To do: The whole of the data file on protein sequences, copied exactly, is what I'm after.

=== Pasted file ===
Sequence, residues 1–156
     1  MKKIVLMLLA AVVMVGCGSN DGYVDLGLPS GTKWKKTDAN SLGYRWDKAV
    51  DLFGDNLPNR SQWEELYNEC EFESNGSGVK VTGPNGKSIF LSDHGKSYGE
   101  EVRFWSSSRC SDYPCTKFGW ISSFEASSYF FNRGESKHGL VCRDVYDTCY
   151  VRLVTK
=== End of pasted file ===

Sequence, residues 1–156
     1  MKKIVLMLLA AVVMVGCGSN DGYVDLGLPS GTKWKKTDAN SLGYRWDKAV
    51  DLFGDNLPNR SQWEELYNEC EFESNGSGVK VTGPNGKSIF LSDHGKSYGE
   101  EVRFWSSSRC SDYPCTKFGW ISSFEASSYF FNRGESKHGL VCRDVYDTCY
   151  VRLVTK